*Our goal for this series is to shed light on the many different ways local women are working behind-the-scenes to advance the arts every day - no matter what other roles they may also be juggling.
Julianne David is a painter whose journey first began in fashion design and photography. Originally from Mobile, Ala. David now proudly calls Columbus, Ga. home for both her family and her business. Read on to discover the multi-faceted woman who's created a brand that spans abstracts, watercolors, figures, and more.
Q: How did you find your way to painting?
A: Well, first of all, I'm a twin. It's one of those things that is so cool, but you can't describe it unless you are one. My sister has always been the one that's leader and I have always been the follower.
Our parents told us, even when we were little, that we couldn't be in the same class. We had to be separated because my sister would say, "She's here. I've got her..." and I was always completely fine with that. She's always had everything completely under control and I have always loved that about her and been content to go along with the plan.
Years later when it was time to pick a college, my sister wanted to go to Auburn. So we went. (Laughing) It was a great experience, but in my junior year I called my mom and said, "I really want to do something else. I want to transfer schools and focus more on photography." My mom said something like "Oh, good." Then apparently she hung up the phone and said something like, "That's never gonna happen." I think my parents were shocked.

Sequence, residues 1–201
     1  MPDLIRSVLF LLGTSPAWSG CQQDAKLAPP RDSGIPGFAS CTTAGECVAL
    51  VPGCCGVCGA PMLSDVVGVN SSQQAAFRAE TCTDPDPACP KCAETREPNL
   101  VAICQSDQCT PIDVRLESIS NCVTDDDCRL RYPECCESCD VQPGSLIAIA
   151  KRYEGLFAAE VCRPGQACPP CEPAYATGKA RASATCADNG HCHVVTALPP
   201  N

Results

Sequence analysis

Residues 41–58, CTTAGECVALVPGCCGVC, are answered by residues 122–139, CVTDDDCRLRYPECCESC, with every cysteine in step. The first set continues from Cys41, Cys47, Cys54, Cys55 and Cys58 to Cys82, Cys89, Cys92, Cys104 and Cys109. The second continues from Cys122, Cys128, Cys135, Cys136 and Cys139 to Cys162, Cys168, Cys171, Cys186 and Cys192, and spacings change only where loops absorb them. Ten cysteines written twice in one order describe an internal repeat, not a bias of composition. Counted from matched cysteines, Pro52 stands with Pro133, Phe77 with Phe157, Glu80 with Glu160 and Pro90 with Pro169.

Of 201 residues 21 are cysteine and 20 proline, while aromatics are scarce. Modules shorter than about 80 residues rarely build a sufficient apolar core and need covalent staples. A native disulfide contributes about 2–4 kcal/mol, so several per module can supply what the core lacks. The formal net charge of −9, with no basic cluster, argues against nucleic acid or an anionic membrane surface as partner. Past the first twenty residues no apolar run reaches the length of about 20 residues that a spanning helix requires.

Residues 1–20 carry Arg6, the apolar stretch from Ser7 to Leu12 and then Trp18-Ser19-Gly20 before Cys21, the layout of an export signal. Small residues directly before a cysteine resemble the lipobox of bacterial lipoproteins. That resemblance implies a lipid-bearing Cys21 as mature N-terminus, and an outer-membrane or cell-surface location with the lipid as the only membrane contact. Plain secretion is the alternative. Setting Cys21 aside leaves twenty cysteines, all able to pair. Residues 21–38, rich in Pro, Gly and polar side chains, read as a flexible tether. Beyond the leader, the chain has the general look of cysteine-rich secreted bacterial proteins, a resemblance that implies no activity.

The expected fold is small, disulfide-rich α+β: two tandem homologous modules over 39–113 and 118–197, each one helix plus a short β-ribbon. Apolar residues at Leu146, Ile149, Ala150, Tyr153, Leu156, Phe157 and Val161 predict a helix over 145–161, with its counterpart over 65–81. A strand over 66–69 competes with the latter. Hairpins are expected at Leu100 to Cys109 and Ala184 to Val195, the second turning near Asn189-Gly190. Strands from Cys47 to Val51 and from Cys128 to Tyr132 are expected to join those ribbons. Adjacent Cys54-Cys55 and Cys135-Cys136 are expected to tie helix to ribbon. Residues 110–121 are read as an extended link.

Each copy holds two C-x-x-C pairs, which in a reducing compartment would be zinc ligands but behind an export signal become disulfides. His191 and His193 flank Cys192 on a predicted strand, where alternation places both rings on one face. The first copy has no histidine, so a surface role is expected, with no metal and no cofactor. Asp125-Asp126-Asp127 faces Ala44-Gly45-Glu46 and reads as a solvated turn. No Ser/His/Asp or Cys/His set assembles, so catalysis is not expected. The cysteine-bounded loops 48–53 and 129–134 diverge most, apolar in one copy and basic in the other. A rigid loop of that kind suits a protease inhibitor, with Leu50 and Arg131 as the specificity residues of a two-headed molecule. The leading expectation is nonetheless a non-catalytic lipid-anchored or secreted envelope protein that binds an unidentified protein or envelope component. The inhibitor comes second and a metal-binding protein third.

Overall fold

Then, a few weeks later, I called her and said, "Hey, I got my SCAD (Savannah College of Art and Design) information in the mail and I'm transferring." Again, they couldn't believe I was making this change and moving out on my own, but they were so supportive.
So here I am, a girl from Mobile, more than half way through a degree at Auburn, and I just up and transfer to SCAD in the middle of my junior year.
Q: Bold choice. How did it go?
A: It was crazy but the most wonderful decision. I went into a potluck for roommate selection, and she didn't speak any English. When I went to sleep, she would wake up. It was crazy! But the whole time I was like, "I got this, I can do it." I was passionate about being there.
Q: What did you major in at SCAD?
A: I ended up majoring in fashion design and minoring in photography.
Q: Really? That's so cool.
A: I did. It was just the coolest experience. I mean, it was amazing. I went into fashion and really learned how to draw. I had to learn how to draw designs on the human figure.
Q: Had you painted it all before then? A: Not really. Not seriously. I mean, I had taken some art classes growing up. For me, the love for art started when I was tiny, tiny. But like really honing in on it? I was a junior in college really when I started getting serious about it.
Q: That's amazing. So how did your time in Savannah shape your work? Because that is such a beautiful, very interesting place.
A: It really is. I loved it so much. It was really hard to leave that place. There is just so much history, architecture, such beauty everywhere. I guess the way that it shaped me was just being around so many different creative people all of the time. People were all coming to SCAD from all over the place, and I was just, you know, a person from Mobile, Alabama!
So, you know, moving to Savannah changed the whole path of my life. When I graduated, I went to New York and worked for awhile and that's where I met husband Kendrick.
Q: Wow. What took you to New York? A job or an internship?